Article

Sacrificing your salary?

Super and investments 101 | Date Posted: 1 October 2020


It’s never too late to grow your super faster by making extra contributions. Even small amounts add up, thanks to the snowball effect of compound interest, and you may end up paying less tax. Read on to find out more about boosting your super through salary sacrifice.

Salary sacrifice explained

Salary sacrifice means adding money to your super from your before-tax pay. This involves you foregoing some of your salary now to make extra contributions to your super. This can have tax advantages as salary sacrifice contributions are a form of ‘before-tax’ or ‘concessional’ contributions and are taxed at 15% rather than your marginal tax rate. This can be a good strategy to grow your super while paying less tax. Before-tax contributions include:

  • your employer contributions (which includes the compulsory 9.5% Super Guarantee that your employer has to pay for you, as well as any salary sacrifice contributions); and
  • any personal contributions you make and claim as a tax deduction.

Things to consider

There’re rules around how much you can add to super and still receive a tax benefit. Before setting up salary sacrifice arrangements there are a few things to consider.

  • The before-tax contribution cap for the 2020-21 financial year is $25,000. If you go over this limit, any excess contributions will be taxed at your marginal tax rate (which is generally higher than the 15% tax rate on before-tax contributions) and you may have to pay an excess concessional contributions charge. Alternatively, you can withdraw up to 85% of the excess contributions and have the excess amount included in your assessable income and taxed at your marginal tax rate, along with an interest charge.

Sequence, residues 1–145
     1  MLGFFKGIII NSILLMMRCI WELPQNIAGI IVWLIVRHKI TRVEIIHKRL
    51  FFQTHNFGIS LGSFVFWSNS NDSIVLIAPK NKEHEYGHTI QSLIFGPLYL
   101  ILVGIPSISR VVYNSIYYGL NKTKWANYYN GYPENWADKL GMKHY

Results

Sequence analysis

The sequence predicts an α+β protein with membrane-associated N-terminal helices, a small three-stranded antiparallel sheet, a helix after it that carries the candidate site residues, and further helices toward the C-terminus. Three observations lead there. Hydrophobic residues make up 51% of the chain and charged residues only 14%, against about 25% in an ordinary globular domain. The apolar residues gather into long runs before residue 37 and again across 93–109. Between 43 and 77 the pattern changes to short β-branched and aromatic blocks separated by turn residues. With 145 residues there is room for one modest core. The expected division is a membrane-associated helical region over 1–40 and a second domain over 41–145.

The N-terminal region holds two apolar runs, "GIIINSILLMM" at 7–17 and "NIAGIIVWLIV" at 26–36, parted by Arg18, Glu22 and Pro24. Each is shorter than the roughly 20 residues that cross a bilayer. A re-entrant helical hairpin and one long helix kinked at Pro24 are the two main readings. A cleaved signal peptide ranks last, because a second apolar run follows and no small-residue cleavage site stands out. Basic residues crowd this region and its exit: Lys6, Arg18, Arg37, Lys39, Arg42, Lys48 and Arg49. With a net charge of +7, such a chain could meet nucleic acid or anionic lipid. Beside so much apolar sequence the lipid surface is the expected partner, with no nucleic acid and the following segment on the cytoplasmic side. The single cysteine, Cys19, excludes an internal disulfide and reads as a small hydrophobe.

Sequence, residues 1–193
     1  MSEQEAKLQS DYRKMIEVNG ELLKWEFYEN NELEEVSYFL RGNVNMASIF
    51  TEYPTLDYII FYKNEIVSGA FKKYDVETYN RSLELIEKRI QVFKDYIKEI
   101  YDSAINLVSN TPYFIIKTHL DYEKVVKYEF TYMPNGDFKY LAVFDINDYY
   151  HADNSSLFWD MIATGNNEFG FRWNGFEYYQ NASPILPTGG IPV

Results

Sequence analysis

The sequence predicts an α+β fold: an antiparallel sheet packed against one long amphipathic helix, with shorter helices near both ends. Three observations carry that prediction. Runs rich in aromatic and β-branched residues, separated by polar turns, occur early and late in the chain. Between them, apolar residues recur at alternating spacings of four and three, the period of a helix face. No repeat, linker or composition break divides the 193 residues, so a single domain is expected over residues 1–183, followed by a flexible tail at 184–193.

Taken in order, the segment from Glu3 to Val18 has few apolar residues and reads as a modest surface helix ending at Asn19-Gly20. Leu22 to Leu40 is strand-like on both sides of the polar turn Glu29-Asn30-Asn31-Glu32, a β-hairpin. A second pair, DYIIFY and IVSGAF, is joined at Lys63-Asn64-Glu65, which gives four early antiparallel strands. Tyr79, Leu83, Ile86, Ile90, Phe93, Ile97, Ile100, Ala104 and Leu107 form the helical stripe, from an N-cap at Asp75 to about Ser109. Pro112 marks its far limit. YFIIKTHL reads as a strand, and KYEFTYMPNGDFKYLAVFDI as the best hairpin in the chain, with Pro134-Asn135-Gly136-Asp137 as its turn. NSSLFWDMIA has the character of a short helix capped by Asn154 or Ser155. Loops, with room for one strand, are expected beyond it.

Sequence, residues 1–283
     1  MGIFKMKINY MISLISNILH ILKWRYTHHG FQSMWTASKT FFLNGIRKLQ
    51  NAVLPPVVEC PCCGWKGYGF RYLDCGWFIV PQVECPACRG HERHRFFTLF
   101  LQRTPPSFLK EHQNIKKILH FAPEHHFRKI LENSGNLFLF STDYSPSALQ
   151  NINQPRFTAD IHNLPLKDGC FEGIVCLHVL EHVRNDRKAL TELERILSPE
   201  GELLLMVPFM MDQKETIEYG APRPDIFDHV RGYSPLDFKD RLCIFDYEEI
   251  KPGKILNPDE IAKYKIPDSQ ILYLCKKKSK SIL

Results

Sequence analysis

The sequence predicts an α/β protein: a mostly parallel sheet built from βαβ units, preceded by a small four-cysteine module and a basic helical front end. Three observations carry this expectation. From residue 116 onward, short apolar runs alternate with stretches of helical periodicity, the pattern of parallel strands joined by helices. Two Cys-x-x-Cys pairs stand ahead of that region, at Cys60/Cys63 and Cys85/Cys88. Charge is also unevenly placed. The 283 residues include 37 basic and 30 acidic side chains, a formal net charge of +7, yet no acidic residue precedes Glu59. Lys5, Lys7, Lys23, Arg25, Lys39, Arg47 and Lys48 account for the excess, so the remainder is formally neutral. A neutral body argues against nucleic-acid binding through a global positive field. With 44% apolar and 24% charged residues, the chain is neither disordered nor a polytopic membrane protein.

• Before-tax contributions may also be taxed at a higher rate if your taxable income plus super contributions for the year exceeds $250,000.
  • Be mindful that if you have more than one super fund, all before-tax contributions made to all of your funds are added together and counted towards the cap. You can check how much you’ve contributed to your Mine Super account throughout the year by logging in to your online account.
  • Remember to consider any bonuses and pay rises, as these may result in your employer making higher than expected before-tax contributions into your super account.
  • If you have less than $500,000 in super and haven’t used all your annual before-tax contribution cap over the previous five years, you can make catch up contributions using unused cap amounts. As this initiative started in the 2018-19 financial year, only two years of catch up contributions can be used in the 2020-21 financial year, with the full five years of catch up contributions available in the 2023-24 financial year. This could especially benefit contractors or people in casual employment, who may not reach their caps during periods when they work less.

Super tip: If you haven’t used all your caps by the end of the financial year, you can consider topping up your super with a personal contribution from your after-tax money and claim it as a tax deduction. This will convert it into a before-tax contribution, reducing the amount of tax you need to pay, depending on your personal situation.

How to set up salary sacrifice

To set up regular payments into your super you need to ask your employer to add money from your before-tax pay. Check with your employer how to make this request or simply download the Authority to deduct from my pay form, complete it and give it to them to action.

Turn to Mine

 If you’re unsure, don’t forget we’re here to help. You can call us on 13 64 63 or email help@mine.com.au. If your needs are more complex, we can put you in touch with a financial adviser from Mine Super Financial Advice. For more information about what to expect from Mine Super Financial Advice, visit our website.